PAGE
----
When Kenya and Uganda behaved like real sisters
By Amos Kareithi | May 17th 2021
It is not every day that a university dropout secures a job as a labourer. Strange still is a labourer working his way to the presidency. There was a time Africa was full of promise and children born during this golden age could be whatever they dared to dream. This promise and validity of peasants’ dreams are epitomised by Dr Milton Apolo Obote.
Although he had been born in the remote Lira region, Obote had worked and ended up at Makerere University. He, however, dropped out of university in unclear circumstances and later showed up in Kenya as a labourer employed by Mowlem.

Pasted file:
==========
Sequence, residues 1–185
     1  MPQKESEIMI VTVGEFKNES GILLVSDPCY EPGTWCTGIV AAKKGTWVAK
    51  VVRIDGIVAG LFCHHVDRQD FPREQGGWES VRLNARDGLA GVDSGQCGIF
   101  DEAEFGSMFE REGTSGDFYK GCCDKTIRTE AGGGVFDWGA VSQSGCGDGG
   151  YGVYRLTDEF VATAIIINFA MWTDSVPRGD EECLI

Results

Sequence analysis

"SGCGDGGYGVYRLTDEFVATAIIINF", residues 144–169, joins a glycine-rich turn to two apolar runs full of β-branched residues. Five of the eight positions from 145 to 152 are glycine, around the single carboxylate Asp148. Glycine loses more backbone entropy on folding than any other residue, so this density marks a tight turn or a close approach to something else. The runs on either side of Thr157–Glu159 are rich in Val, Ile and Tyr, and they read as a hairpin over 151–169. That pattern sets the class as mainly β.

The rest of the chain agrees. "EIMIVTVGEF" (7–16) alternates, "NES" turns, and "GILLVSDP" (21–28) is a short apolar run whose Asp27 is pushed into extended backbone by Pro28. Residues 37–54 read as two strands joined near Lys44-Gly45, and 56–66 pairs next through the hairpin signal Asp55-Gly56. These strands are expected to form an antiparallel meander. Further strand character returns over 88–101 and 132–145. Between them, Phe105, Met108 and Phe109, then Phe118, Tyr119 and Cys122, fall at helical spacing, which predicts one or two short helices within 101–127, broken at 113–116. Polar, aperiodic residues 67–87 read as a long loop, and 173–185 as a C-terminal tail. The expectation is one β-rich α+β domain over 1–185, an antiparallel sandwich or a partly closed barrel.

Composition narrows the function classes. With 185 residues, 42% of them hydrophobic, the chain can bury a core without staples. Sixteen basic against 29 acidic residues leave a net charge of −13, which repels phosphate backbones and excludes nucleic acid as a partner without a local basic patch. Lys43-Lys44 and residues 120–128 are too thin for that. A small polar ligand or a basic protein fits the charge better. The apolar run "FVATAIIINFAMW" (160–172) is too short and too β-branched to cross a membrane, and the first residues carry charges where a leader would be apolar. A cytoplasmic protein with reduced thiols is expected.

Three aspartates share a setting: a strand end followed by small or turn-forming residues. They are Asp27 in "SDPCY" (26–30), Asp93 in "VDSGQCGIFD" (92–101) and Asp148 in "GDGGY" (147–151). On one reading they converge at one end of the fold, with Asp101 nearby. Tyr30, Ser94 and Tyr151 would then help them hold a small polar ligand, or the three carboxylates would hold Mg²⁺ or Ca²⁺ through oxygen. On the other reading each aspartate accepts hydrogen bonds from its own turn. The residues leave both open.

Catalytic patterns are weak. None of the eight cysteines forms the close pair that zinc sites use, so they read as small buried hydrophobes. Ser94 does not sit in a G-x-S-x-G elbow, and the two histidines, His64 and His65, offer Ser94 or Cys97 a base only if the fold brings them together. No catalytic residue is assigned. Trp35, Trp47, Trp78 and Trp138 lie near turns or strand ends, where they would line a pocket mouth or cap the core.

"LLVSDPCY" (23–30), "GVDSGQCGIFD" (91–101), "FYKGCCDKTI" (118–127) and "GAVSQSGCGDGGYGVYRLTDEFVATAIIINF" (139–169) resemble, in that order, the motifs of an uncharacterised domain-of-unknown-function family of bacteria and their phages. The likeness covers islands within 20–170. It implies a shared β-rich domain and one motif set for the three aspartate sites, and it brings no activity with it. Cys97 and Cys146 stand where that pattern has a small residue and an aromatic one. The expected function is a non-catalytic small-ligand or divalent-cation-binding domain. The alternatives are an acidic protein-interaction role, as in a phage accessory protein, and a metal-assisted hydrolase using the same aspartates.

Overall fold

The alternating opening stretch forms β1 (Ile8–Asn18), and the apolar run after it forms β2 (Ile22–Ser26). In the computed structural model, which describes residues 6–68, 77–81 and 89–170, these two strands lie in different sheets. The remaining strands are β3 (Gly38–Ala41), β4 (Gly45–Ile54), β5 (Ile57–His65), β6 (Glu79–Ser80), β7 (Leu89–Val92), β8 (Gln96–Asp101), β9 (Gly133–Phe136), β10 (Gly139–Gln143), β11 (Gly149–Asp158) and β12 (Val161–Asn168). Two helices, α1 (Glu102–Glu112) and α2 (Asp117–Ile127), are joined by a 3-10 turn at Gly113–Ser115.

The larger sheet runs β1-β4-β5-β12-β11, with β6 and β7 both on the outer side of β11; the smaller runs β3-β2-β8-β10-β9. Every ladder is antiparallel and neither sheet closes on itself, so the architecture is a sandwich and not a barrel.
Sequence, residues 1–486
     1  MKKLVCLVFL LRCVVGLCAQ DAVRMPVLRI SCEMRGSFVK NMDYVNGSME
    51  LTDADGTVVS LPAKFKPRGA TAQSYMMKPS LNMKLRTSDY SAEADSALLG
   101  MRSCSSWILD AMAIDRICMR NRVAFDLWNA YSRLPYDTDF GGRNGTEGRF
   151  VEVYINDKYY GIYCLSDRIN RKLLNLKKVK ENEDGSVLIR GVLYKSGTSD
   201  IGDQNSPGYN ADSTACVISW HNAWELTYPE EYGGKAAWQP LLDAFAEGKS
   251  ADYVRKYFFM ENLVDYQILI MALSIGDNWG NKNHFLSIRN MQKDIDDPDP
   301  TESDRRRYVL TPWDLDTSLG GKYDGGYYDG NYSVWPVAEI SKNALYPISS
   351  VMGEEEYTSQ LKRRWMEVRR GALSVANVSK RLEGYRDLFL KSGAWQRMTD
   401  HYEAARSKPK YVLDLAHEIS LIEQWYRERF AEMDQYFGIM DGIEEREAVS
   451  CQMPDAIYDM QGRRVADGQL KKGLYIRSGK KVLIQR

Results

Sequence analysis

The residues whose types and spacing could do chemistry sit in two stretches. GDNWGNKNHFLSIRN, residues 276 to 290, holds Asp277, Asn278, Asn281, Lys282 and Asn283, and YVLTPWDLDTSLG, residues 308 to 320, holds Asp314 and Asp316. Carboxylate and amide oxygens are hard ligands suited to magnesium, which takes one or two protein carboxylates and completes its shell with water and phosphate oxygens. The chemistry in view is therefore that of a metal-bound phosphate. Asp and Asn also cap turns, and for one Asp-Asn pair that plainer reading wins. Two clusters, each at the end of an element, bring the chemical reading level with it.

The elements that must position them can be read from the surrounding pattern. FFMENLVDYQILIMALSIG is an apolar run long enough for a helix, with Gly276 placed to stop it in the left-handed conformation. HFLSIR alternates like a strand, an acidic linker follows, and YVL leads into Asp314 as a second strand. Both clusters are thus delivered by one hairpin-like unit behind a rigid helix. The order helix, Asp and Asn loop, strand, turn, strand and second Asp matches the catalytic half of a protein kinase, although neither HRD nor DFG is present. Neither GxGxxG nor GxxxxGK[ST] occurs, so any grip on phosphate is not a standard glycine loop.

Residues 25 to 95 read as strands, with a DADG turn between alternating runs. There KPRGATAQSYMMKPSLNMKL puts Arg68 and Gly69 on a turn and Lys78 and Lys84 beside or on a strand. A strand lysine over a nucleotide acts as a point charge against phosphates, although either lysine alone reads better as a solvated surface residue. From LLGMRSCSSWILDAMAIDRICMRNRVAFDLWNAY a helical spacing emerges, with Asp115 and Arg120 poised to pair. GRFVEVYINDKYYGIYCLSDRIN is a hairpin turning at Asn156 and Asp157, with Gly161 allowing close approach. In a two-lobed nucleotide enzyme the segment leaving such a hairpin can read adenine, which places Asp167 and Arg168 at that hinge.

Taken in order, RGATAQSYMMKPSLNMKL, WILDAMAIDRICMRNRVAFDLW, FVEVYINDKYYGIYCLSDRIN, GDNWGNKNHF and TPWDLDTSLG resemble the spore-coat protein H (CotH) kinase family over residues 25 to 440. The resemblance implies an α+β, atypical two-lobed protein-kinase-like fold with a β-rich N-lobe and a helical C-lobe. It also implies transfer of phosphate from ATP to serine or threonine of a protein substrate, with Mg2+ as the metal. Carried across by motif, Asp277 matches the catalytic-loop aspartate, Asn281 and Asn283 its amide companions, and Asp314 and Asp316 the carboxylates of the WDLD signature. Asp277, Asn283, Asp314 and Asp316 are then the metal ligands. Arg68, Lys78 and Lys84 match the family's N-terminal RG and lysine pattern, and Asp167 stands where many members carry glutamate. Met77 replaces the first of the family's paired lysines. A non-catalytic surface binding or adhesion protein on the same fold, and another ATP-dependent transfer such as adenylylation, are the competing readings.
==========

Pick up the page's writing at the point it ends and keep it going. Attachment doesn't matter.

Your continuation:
Unknown to his employer, Obote had a knack for stirring unrest for as soon as he started agitating for the worker’s rights, he had a huge following but ended up jobless.
On this day, he came to Egerton College, the oldest institution of higher learning, to open Uganda Hall. On hand to receive him was the principal of the college, William Odongo Omamo, who would also become a prominent politician.
Three years later, on January 25, 1971, he was toppled by Iddi Amin while attending a conference in Singapore. He bounced back to State House in 1981, only to be forced to flee to exile in Zambia, where he stayed until his death in 2005.
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